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Code for Baltimore’s keys for taking a civic tech tool from idea to innovation

Code for Baltimore and Bellese Technologies built a customer management tool for the city’s health department and saved hundreds of hours in human effort. An approach of breaking down a project down into manageable solutions helped to get their ideas through the door.

Brainstorming civic innovation. (Photo courtesy of Code for Baltimore)

This editorial article is a part of Civic Tech Month of's editorial calendar.

Updated to reflect the correct location of Bellese Technologies HQ. (10:13 a.m., 9/9/20)

Code for Baltimore, the volunteer coding brigade with a focus on civic innovation, recently launched a customer management tool for the Baltimore City Health Department that officials said saved hundreds of hours in human effort.

The program automates the process of contacting senior living facilities through email and eventually text. It sends a survey, and has been used to assess the needs of elderly communities during the pandemic. Before this program, a health department employee would spend hours cold calling facilities.

“This tool gives us the ability to reach out to 500-plus facilities in an instant,” said Molly Martin, assistant commissioner with the Baltimore City Health Department’s division of aging. “It really fills the gap of being able to respond to vulnerable populations in a quick manner, which was something that we couldn’t do before despite every effort to do so.”

The tool came about through a partnership between Code for Baltimore, the health department and civic and healthcare-focused service design company Bellese Technologies. Based in Owings Mills, Bellese allows employees to work on volunteer projects for 12% of their time. Student volunteers from Johns Hopkins also assisted by transferring contacts and info into the system.

The application is open source, which can allow cities around the country to replicate and tailor the program for their own needs, whether by themselves or with the aid of their local Code for America brigade. Governments like Montana are already interested in using the application to aid forest rangers in tracking campers.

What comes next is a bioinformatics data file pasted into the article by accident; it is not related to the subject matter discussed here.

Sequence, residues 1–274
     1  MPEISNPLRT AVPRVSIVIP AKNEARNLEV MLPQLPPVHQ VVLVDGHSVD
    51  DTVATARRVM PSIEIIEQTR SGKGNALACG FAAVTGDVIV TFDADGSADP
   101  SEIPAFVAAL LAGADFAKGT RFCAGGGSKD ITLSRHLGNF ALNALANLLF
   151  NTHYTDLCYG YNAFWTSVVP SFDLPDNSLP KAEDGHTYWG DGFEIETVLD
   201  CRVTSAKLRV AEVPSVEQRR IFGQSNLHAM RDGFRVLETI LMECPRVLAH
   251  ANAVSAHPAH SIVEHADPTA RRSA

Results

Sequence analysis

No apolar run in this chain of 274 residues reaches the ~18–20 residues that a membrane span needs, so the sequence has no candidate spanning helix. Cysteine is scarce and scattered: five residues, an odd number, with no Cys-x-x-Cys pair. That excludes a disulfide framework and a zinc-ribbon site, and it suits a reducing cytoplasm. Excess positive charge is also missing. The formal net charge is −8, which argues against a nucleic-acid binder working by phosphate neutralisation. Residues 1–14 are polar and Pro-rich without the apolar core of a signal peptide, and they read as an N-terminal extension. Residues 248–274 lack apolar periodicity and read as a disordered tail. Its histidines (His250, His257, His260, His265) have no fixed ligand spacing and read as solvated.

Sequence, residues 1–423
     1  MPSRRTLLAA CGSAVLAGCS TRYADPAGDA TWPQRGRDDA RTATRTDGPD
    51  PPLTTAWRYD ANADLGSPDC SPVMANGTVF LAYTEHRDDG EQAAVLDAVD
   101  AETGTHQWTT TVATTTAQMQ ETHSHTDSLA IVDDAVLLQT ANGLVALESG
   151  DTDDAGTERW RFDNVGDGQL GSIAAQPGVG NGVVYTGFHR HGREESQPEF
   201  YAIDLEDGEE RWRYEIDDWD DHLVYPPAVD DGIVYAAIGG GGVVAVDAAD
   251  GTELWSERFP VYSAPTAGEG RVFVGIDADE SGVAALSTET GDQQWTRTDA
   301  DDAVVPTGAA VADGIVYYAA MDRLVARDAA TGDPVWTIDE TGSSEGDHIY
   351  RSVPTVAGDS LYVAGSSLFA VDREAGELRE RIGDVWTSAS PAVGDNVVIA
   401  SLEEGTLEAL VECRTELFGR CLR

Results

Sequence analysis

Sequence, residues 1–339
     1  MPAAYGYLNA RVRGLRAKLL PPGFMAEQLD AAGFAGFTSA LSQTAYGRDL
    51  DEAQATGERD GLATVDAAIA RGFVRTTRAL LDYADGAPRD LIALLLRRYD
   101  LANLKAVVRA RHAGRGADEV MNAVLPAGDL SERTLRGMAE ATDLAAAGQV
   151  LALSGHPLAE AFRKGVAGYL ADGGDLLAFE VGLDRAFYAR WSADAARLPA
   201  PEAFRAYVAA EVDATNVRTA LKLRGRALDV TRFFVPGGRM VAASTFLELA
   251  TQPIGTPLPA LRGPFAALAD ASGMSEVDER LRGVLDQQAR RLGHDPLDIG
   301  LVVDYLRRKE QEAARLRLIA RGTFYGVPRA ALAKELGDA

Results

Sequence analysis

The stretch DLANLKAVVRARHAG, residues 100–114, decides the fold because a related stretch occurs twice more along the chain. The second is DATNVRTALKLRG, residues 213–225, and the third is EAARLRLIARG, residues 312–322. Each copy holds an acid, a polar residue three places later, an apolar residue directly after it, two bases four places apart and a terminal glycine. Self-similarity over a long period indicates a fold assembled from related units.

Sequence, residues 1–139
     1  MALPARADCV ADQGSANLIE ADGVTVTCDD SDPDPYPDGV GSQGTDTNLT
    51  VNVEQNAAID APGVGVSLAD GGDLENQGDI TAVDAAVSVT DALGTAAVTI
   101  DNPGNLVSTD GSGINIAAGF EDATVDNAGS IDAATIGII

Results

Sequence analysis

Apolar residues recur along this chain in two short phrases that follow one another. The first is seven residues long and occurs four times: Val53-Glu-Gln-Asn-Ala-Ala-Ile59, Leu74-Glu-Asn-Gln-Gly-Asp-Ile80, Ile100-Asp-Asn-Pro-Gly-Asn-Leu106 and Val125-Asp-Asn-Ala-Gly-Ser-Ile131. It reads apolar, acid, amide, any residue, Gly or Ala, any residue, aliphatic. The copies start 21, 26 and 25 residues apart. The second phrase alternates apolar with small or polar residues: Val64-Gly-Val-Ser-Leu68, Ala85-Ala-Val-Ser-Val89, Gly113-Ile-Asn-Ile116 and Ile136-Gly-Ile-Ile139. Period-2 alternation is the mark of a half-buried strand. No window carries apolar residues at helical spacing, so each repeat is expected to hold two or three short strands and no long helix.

While this deployment is showing early success, getting a great civic tech idea into use by the government can be easier said than done.

The Code for Baltimore team attributes a lot of their successful collaboration and relationship with the city to Mike Fried. Fried doubles as a leader of the Code for Baltimore brigade and chief information officer for the Baltimore health department. His understanding of both the tech and government allows Code for Baltimore to create projects that find the perfect balance of civic innovation and governmental tolerance for risk.

“[Fried] breaks down bigger problems that the city may have into to smaller manageable solutions — that kind of attack one thing at a time,” said Jason Anton, the tech lead for Code for Baltimore and the primary developer of the backend on the application.  “As an engineer myself and and as a tech person, that’s really how you have to solve tech problems.”

It’s the difference between being able to deploy a new contact system that saves Baltimore’s health department staff hundreds of hours in work, and clinging to old tech like New Jersey, which is running their unemployment system on COBOL, a 40-year-old programming language almost nobody knows.

When it comes to getting more innovative solutions deployed inside civic systems, the question often becomes, why doesn’t the government innovate at the speed of the Microsofts or Googles of the world?

“The answer to that is I think in most branches of government, when a system works, the government’s hesitant to try to replace it,” said Anton. “Even if that system is flawed and not efficient and doesn’t scale to modern expectations.”

In Anton’s professional experience as a full stack developer with Bellese, he’s worked on federal contracts. Most branches of government live and die by the adage of, it ain’t broke don’t fix it.

There are also financial and bureaucratic barriers. For instance, other Code for Baltimore leads noted that there’s a cost to host a project on an Amazon Web Services account. In terms of government spending, ten dollars can be as hard to spend as a million dollars.

Fried’s approach, and the philosophy of tackling one problem at its source, at a time, instead of making sweeping changes is the secret sauce behind Code for Baltimore’s success in getting Baltimore city to buy in to their civic tech innovations.

“People are depending on the solutions,” said Anton. “So don’t try to take too big a risk. Make the risks smaller or manageable. Make the project smaller, more manageable and incrementally get that change that you’re looking for.”

For the tech specs of the project, find the open source code at Code for Baltimore’s site and Github for the frontend and backend, along with documentation to help with any issues on reiterating the design.

Donte Kirby is a 2020-2022 corps member for Report for America, an initiative of The Groundtruth Project that pairs young journalists with local newsrooms. This position is supported by the Robert W. Deutsch Foundation.
Companies: Baltimore City Health Department / Code for America
Series: Civic Tech Month 2020

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